South Korea will buy 40 Lockheed Martin F-35As to satisfy a fighter requirement initially set at 60 aircraft, its joint chiefs of staff announced on Nov. 22. A further 20 fighters, not necessarily F-35s, may be ordered later, subject to security and fiscal circumstances.

The decision almost certainly puts an end to Boeing’s hopes of selling more F-15s to South Korea. The other competitor, the Eurofighter consortium, led by EADS in South Korea, seems to have a remote chance of filling the later order.

By deciding on only 40 F-35s for the F-X Phase 3 requirement, South Korea has resolved a conflict between the air force’s desire for a highly stealthy aircraft, its need to replace old fighters quickly, and its limited budget of 8.3 trillion won ($7.2 billion). The solution was to defer part of the order.

Industry officials think 40 F-35s, bought in the U.S. government’s Foreign Military Sales process, will not use up the entire budget. The South Korean air force tends to buy fighters in multiples of 20, which explains why more than 40 are not planned.

Lockheed Martin is expected to deliver the aircraft over four years beginning in 2018. The further 20 would immediately follow.

The air force effectively chose the F-35 about two weeks ago when, according to local media reports, it set a numerical requirement for radar cross-section. This followed the derailment of the original competition in August, when it was revealed that only Boeing could meet the budget. Instead of completing the competition in the usual way by giving the order to that company, the government decided instead that it would review its requirements, budget and process.

The great bulk of air force opinion has always seen the F-35 as the desirable aircraft, according to South Korean government officials, even though the chief of the air force at the last minute was willing to take F-15s to get new fighters into service without further delay.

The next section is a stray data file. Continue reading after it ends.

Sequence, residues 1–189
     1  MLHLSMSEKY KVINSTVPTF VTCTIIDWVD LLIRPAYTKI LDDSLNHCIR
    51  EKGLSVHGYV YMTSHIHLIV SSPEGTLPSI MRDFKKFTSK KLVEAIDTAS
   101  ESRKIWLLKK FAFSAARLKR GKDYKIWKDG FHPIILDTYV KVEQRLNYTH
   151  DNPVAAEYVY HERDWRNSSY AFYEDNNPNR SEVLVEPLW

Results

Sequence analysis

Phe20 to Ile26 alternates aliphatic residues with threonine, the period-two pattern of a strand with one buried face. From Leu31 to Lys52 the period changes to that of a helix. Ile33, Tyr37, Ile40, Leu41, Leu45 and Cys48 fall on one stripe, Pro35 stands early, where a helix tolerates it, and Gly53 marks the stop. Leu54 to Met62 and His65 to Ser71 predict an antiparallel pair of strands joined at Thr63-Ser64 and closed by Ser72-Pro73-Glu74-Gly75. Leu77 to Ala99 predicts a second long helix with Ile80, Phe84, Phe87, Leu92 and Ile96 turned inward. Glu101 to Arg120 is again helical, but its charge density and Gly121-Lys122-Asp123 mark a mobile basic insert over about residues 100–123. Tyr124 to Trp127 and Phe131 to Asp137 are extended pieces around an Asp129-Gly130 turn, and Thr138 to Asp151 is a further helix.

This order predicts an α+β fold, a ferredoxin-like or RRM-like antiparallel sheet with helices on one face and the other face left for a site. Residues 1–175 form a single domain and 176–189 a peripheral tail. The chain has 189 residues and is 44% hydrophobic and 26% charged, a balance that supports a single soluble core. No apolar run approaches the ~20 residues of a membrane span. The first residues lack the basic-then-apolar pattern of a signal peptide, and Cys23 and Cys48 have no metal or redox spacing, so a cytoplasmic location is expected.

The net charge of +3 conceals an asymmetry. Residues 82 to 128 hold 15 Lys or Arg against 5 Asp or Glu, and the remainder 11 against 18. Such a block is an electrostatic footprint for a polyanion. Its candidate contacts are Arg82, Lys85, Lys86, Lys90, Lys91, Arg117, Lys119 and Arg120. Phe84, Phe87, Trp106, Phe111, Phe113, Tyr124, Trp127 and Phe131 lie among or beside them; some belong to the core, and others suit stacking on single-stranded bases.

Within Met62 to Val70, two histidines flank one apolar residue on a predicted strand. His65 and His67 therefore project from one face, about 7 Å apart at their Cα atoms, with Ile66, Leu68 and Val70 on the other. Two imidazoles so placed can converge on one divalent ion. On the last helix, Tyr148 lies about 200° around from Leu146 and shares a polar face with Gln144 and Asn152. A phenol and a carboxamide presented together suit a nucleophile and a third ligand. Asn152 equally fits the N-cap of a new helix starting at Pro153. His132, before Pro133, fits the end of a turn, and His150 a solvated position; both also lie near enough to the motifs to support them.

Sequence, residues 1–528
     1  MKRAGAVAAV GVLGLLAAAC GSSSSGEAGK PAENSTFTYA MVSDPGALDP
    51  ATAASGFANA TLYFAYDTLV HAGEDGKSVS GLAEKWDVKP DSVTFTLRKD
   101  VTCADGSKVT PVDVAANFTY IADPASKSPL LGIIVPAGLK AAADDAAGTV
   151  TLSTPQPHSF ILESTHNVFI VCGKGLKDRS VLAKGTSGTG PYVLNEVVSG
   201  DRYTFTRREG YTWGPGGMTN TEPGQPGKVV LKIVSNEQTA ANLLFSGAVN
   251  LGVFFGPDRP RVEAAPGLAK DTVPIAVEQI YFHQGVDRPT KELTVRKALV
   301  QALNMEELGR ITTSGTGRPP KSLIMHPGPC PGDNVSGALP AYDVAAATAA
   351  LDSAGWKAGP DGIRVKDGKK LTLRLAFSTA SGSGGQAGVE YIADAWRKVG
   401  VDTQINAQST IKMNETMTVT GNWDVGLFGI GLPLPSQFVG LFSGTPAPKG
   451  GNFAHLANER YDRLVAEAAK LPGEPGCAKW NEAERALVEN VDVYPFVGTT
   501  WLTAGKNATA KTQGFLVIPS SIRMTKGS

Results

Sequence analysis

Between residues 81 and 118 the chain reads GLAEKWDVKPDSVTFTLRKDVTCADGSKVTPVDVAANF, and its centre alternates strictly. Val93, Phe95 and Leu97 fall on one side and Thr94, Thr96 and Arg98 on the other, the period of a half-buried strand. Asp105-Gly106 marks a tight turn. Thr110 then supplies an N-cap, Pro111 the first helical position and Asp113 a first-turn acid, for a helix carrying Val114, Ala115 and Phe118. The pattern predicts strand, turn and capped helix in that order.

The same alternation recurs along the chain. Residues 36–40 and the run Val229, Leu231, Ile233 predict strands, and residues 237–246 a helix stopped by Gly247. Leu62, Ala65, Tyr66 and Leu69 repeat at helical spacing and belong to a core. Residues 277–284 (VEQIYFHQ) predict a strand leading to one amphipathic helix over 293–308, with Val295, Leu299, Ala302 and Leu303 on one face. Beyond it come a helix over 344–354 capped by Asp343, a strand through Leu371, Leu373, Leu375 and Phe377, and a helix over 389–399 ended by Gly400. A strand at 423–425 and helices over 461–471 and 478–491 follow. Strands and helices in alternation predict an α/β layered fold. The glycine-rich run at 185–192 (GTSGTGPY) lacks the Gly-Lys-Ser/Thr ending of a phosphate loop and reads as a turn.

F-X Phase 3 has been aimed at replacing old and increasingly ineffective F-4 Phantoms and F-5 Tigers. Under phases 1 and 2 last decade, South Korea ordered 61 F-15s, including a replacement for one that crashed.

“The F-35A will be used as a strategic weapon to gain a competitive edge and defeat the enemy in the early stage of war,” Yonhap news agency quotes the spokesman for the joint chiefs of staff, Eom Hyo-sik, as saying. “The South Korean military also will use the aircraft to effectively deal with provocations.”

For the additional 20 aircraft, if they are ordered, the requirements will be reconsidered, he adds. But if they are not, presumably there will be no competition for the F-35 in that later order.

There may be no competition anyway. For the F-X Phase 2 order, only Boeing bid, since every other prospective supplier decided that the air force would certainly want to add more aircraft of the type that had been ordered under Phase 1.

In the same meeting on Nov. 22, the chiefs endorsed the KF-X indigenous fighter program for the mid-term defense budget plan. That does not assure its survival, however. The fiscally and technically challenging KF-program faces great political opposition and is expected to get 2014 funding that will cover only further design studies.

The military wants KF-X development completed by 2020, with deployment from 2023, Yonhap says, citing unnamed officials. The three-year gap between the completion of development and beginning of deployment is not explained, but 2020 is not a realistic date for getting the aircraft ready for service anyway. According to the program schedule, the aircraft would fly for the first time seven years after the launch of full-scale development, which cannot now happen until 2015.